In Shelley’s previous post, she announced the installation of QR codes installed in exhibitions that lead visitors to Wikipedia articles for further information. These QR codes are now found in Egypt Reborn and the Hagop Kevorkian Gallery of Ancient Near Eastern Art, both on the third floor of the Museum.
As a curator I have always wanted our visitors to have access to more information about the collection than is usually available. I’ve long been frustrated that the 100-word label provides only the briefest introduction to an object. So when Shelley suggested that there was a way to bring in-depth information into the gallery for those who want it, I was happy to help find appropriate material. For example, the code on the label for the Museum’s statue of Senwosret III will take you to an article about the king’s reign. There you will find information on his building projects, his appointment of his son as co-regent—a sort of co-king-in-training—and his pyramid. All of this information is drawn from the latest scientific studies of the reign. The QR code with the faience shabti called “The Lady Sati” leads you to an article describing the process of making this material drawn from a basic Egyptology source—Paul T. Nicholson and Ian Shaw’s Ancient Egyptian Materials and Technology.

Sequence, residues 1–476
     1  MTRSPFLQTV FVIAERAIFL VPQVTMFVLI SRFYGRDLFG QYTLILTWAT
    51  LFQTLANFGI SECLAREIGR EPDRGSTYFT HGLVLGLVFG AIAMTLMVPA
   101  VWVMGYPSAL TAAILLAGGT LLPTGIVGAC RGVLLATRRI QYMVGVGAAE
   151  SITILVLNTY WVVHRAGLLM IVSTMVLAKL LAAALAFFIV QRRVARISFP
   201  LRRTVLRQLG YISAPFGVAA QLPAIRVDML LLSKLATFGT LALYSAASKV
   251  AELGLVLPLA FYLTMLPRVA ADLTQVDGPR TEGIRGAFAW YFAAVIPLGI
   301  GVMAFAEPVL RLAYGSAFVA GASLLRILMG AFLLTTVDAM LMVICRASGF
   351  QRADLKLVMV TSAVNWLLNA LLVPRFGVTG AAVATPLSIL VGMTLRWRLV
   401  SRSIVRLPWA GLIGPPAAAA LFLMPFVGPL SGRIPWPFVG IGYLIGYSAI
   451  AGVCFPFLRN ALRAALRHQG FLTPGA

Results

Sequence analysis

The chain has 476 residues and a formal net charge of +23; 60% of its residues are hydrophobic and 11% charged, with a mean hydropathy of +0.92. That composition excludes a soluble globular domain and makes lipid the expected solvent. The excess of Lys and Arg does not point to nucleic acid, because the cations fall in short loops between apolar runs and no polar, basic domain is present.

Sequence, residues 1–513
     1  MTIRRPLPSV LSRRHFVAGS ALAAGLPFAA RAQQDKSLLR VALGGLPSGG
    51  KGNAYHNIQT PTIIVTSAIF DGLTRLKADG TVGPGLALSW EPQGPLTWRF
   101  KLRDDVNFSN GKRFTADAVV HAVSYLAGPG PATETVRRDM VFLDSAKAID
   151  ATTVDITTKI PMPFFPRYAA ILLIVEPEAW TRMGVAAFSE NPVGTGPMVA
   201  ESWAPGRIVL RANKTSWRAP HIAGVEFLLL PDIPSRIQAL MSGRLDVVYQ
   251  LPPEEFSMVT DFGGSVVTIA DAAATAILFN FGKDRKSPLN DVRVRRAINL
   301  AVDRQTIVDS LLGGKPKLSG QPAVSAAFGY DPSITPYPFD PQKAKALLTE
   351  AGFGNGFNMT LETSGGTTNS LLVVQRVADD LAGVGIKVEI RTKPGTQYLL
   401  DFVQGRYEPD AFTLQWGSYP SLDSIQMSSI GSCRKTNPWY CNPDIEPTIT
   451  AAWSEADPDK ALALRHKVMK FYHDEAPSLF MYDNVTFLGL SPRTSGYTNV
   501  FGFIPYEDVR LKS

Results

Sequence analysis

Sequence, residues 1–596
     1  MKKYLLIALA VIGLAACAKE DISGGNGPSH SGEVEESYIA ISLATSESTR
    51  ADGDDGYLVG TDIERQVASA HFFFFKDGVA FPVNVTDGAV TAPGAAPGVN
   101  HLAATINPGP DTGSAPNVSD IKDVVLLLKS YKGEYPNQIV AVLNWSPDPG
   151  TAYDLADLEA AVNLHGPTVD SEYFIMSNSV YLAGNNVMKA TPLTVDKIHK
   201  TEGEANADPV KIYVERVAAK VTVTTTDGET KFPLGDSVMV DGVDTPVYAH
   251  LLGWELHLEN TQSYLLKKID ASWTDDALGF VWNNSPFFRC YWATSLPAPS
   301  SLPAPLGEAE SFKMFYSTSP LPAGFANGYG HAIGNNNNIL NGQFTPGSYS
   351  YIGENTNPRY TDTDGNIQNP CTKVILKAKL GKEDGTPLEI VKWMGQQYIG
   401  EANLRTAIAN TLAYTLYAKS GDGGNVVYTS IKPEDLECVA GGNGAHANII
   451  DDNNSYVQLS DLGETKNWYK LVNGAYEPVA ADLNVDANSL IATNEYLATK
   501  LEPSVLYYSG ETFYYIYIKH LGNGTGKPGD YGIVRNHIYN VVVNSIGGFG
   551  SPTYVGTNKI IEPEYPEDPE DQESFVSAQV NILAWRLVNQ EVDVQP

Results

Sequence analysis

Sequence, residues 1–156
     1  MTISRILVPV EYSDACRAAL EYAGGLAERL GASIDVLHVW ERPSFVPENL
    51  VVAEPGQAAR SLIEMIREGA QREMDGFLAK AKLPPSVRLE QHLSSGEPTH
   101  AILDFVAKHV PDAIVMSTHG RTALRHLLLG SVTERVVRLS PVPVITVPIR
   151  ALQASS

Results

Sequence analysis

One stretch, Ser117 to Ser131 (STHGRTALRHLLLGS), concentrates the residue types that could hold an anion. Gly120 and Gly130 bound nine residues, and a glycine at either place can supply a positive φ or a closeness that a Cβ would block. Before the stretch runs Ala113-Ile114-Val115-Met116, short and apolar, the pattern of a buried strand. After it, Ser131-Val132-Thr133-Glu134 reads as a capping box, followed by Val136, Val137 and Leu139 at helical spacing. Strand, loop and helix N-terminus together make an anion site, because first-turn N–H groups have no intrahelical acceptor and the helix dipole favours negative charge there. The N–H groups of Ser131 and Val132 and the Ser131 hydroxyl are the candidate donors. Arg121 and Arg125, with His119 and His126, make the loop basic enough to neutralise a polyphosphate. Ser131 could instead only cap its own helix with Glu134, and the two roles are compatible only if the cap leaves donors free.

All of the articles linked to the Museum’s objects have been vetted by curators. When we read an article, we could see from the footnotes whether or not it was based on standard interpretations by professional, scientific scholars. Ancient Egyptian art is the object of interest for both scientific scholars and a wide variety of other researchers using non-scientific means. The Museum adheres to scientific standards, so curators insured that all the linked articles are part of our interpretive tradition.
Wikipedia’s reputation with scholars and teachers is a mixed bag. Many teachers forbid its use because students are not always ready to read the articles found there critically. I was also wary about linking the Museum’s objects to a source that varies greatly in quality. But with proper vetting, Wikipedia offers additional background about the Museum’s objects based on the best information. I hope that this experiment with QR codes will help enhance the visitor’s experience in visiting the Egyptian and Ancient Near East collections.